Thursday, January 01, 2009

Homosexuality and Tolerance in the Netherlands: The Real Story

Significantly, the study sampled residents of the Netherlands, where social acceptance of same-sex behavior is high. This would call into question the assumption that the high rate of psychiatric problems is primarily due to social or internalized homophobia.

This is what the "pro-treatment of homosexuality" group NARTH recently said about the study "Same-Sex Sexual Behavior and Psychiatric Disorders: Findings from the Netherlands Mental Health Survey and Incidence Study (NEMESIS)" published in Archives of General Psychiatry 2001, vol 58(1), pp 85-91. While NARTH may chauvinistically choose to view the entirety of a Western European country like the Netherlands as some sort of gay mecca where no anti-gay sentiment ever exists in any form at all, the truth is that anti-gay sentiment does exist there, and it causes serious problems for gay people. Perhaps NARTH should engage in an honest assessment of the Dutch attitudes towards homosexuality instead of misleadingly trying to handwave past it.

The Dutch study itself actually references three works that assess attitudes towards homosexuality in the Netherlands. I have traced one of them: a study called "Attitudes towards nonmarital sex in 24 countries" by E D WIlmer, J Treas, and R Newcomb, published in Journal of Sex Research 1998, vol 35, pp349-358. Its measurement of sexual attitudes in the 24 countries included a question on whether respondents believed that homosexual sex was wrong. With 65% of Dutch respondents saying that it was "not wrong at all", it is true that tolerance in the Netherlands for homosexual sex is relatively high, especially compared to the USA where fully 70%said it was "always wrong". But the fact remains that 19% of Dutch respondents believed that homosexual sex was "always wrong". Intolerance for homosexuality still exists in the Netherlands, and it is reasonable to believe that this will be reflected in an increased toll on the mental health of people who engage in homosexual behaviour. (To round out the percentages, 4% of Dutch respondents believed that homosexual sex was wrong "almost always", while a further 12% believed it was wrong "only sometimes". I will not speculate at this time on why those people answered the question like that.)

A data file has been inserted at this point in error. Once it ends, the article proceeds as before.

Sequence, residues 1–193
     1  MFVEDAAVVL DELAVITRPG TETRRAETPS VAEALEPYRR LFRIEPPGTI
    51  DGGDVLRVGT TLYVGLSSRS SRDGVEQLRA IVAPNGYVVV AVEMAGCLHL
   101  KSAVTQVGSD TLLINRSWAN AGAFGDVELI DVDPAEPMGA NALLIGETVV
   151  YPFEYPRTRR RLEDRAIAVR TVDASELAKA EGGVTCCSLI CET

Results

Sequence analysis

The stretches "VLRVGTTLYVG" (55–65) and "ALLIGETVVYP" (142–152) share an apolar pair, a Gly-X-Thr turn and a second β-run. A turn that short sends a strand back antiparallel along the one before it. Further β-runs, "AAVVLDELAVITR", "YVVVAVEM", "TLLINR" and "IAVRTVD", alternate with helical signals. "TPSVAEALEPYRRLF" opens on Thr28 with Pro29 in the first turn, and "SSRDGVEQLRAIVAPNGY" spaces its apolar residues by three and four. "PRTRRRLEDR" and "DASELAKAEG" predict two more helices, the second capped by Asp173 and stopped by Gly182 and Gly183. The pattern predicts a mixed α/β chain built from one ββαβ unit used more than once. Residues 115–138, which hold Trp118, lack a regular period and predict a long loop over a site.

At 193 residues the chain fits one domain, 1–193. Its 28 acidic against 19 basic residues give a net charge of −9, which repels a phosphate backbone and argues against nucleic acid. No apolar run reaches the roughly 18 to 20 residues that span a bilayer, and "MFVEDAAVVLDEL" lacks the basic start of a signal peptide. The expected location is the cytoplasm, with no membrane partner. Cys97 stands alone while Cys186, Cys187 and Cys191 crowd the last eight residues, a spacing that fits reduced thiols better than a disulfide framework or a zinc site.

And the attitudes of people who do find fault with homosexuality would seem to be especially virulent. A study on anti-gay violence by the University of Amsterdam called "As long as they keep away from me" (an English translation of the summary is available at the bottom of the page) noted that "gays fall victim to violence in Amsterdam on a regular basis. In 2007, 201 cases were recorded, of which 67 were of physical violence", 17 of robbery and 38 of serious threat". Yet anti-gay groups like NARTH would have you believe that gay people in the Netherlands experience no kind of discrimination that would tax their mental health whatsoever.

Further, and disturbingly, a person who might claim homosexual sex is not wrong can still be a gaybasher. As the Dutch study on anti-gay violence discovered, the "tolerance" expressed towards homosexuality among some Dutch youth can be highly conditional:
The major cause of the aversion to homosexuality felt by perpetrators of anti-gay violence lies in their views and emotions regarding masculinity and sexuality. Four aspects of homosexuality that particularly appear to arouse annoyance, disapproval and loathing are anal sex, feminine behaviour, the visibility of homosexuality, and the fear of being hit on by a gay.
It is remarkable that the perpetrators do not reject homosexuality on all fronts. Indeed, in many cases the perpetrators declare not to hate gays at all and realise that homosexuality is a part of Dutch society. They reject homosexuality, however, on express conditions: gays should not openly show the four aspects of the behaviour mentioned above. The perpetrators tend to copy the prevailing gay-tolerant rhetoric of Dutch society, but do not refrain from all sorts of violence as soon as homosexuality comes close to them or if gay men do not fulfil their supposed obligations[emphasis added].

It may be premature for me to accuse NARTH on capitalising on the anti-European bigotry prevalent among their usual audience of Christianist fanatics, who tend to inaccurately view Amsterdam as a modern-day Sodom where homosexuality is not just tolerated, but glorified. But I would hope that this examination of the actual evidence will help to correct the misinformation propagated by anti-gay activists that increased mental health problems among homosexual men and women in the Netherlands cannot be the result of discrimination against gay people. Overt anti-gay bigotry does exist in the Netherlands, and even some Dutch youth who might call themselves "tolerant" of homosexuality can show an especially violent side if the conditions put on providing that "tolerance" aren't perceived as being met.


Anonymous said...

I'm doing a paper comparing the political cultures of US and Netherlands and how that influences differences on policy issue with regards to the legalization of same-sex marriage. I was just wondering if you would have links to the studies you referenced in your post?

Z said...

I have no direct links to any studies beyond the links I put in the original post. I found the study concerning attitudes to sex in 24 countries in an academic database called JSTOR which isn't readily available to the general public for free - my university pays for my acess to it. I don't know if your educational institution might also provide access? If so, the necessary citation to find the article in JSTOR is included in my original post.

Alternatively, you could see if anything useful comes up in Google Scholar.

Sorry I can't be more help.